In a VICE Magazine article from April 2016, artist Chloe Wise declared, "I love a lot of things. I eat so much, I love kisses, I love shopping, I love tanning...I'm not a minimalist, I'm a maximalist." And so maximalism, an artistic undercurrent so tired of Mori Kondo-inspired sparseness, was made millennial.
Misha Kahn, a contemporary of Wise, is a 27-year-old designer with a knack for knick knacks. His debut solo show took place this year at gallery Friedman Benda, entitled The Return of Saturn: Coming of Age in the 21st Century. The show examined the artist's first 27 years of life, from his recent stardom in the design world to the quirky suburban accoutrements that got him there. Legend has it that Saturn completes its orbit around the sun every 27 or so years, coinciding with the time of our birth. Our 27th birthday is a trying but necessary moment to hit reset, and for Kahn, you have to look back before you can look ahead.
When I meet Kahn in his studio in Bushwick, Brooklyn, it becomes immediately clear that his space is as playful as his imaginative furniture and colorful design pieces. Walking around the works he's putting together for the Friedman Benda booth at Design Miami, I see a couple large-scale works that are in the midst of being assembled. Each is composed like a puzzle, made up of hundreds of smaller pieces. The first is a large chandelier with an iron skeleton waiting for its glass shell and "globs" to be blown and assembled. The second is a zig-zagging bench made up of small pink and gray stones that have been melded together like a mosaic, with a shiny silver metal holding it all together. "We've been working on these leftover tiles that have been smashed up and then put back together, and there's something really cathartic about taking these smashed up rocks and then reassembling them back into rocks," he explains. Finding order in the chaos is an important aspect to Kahn, both as an artist, and more broadly as a member of the (dare I say it?) millennial generation.
Kahn grew up collecting domestic items you would find at a Minnesota yard sale, like Jello molds (a habit formed during art school days at RISD) or metal garden flowers (a fixation he's literally working through with metal cutters at the studio when I meet him). He's always been a collector, but now as an established artist represented by Friedman Benda in New York, his charming obsession with suburban America's quirks is in the process of going from mess to muse. When asked about his love of collecting, Kahn is thankful for the divide between home and the studio. "I kind of weaned myself off of hoarding at home. I hoard a lot of things here (at the studio)," he explains.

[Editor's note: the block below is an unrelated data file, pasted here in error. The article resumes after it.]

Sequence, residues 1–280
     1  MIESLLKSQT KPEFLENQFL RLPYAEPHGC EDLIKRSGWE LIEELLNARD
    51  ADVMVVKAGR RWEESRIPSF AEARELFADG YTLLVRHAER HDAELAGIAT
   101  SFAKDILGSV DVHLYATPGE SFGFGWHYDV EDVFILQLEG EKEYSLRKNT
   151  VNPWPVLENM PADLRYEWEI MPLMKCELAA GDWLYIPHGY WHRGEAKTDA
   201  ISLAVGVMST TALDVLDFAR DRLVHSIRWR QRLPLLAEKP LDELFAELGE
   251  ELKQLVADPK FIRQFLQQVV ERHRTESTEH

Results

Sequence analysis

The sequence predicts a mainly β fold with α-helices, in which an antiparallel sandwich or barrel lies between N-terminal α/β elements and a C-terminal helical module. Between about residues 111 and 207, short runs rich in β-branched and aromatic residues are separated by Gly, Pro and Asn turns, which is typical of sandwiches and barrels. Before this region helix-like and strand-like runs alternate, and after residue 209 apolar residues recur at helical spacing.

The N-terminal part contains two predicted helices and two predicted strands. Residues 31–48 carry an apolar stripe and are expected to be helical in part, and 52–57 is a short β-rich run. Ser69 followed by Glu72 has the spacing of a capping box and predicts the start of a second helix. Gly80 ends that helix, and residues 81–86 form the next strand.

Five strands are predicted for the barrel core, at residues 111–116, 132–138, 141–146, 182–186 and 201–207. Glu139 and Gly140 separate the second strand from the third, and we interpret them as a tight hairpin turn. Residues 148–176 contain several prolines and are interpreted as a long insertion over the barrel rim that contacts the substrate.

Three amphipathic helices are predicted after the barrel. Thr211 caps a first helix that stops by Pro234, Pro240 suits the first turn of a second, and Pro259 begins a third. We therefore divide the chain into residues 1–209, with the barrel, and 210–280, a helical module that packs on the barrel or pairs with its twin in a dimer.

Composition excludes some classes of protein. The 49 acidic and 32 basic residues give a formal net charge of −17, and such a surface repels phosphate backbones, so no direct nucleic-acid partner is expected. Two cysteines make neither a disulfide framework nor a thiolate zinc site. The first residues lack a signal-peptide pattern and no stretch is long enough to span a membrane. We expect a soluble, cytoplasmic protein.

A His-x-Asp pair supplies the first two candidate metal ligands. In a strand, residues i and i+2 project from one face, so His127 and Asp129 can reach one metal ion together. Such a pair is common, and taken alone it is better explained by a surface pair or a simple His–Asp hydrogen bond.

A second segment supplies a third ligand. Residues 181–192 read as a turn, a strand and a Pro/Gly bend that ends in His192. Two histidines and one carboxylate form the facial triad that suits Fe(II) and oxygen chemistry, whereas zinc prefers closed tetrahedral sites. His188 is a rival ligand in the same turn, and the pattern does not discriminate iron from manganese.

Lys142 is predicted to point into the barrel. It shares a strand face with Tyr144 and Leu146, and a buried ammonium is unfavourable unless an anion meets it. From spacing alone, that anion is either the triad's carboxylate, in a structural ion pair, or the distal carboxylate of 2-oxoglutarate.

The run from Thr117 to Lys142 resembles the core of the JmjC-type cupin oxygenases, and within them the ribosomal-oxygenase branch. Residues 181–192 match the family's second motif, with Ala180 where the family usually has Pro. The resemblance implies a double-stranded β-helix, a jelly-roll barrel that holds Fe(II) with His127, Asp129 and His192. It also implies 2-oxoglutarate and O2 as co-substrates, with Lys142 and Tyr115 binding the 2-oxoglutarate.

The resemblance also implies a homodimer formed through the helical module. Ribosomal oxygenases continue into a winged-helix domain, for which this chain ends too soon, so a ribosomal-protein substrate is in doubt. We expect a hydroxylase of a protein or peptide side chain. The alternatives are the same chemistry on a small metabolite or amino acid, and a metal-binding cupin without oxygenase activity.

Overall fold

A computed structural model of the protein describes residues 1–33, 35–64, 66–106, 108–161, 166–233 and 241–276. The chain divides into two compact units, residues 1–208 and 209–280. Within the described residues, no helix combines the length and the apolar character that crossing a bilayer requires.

Like the puzzle-piece style artworks, the process of arranging small unique pieces together is itself a puzzle. With the help of an assistant, he bounces around the studio throughout the day, never spending too much time on any one piece. Sometimes he's cutting metal, sometimes he's sketching a design, or sometimes he's on the roof working with resin to create his signature balloon-like sculptures. It seems fitting that the artist describes his aesthetic as "delusional, crafty"—and, wait for it—"flopsy!"
When I dig into this puzzle-like, pastiche approach to creating art, Kahn reminds me that we're living in the age of the infinite scroll. "We will scroll through Instagram really quickly and file all these disparate images, and I think we are essentially training ourselves to live in visual opulence where you can see so many things at once." Kahn goes on to unpack the tension between the chaos we are and the calm we desire as "the death rattle of acceptance. People still want to have a serene life, so they feel like minimalism is the opposite of the experience, so that it's something to strive for."
Social feeds on mobile apps have crystallized modern habits like nostalgia and collecting pixelated objects into digital experiences that we curate and archive. Even in the world of art, which often hinges on reference, nostalgia can get the best of us. Kahn explains, "I'm nostalgic for how technology looked in the 90s when things would have gummy handles. It just felt like people were having more fun visually. And I think our generation is pretty nostalgic for something that is rooted in irony."
And so it seems: we're all hoarders longing for something in our distant past or hopeful future to collect, except our yard sales are digital now. Misha Kahn's verdict? "(It's) a little crazy, but I think it's ok."
Misha Kahn's work will be on view at the Friedman Benda booth at Design Miami 2016.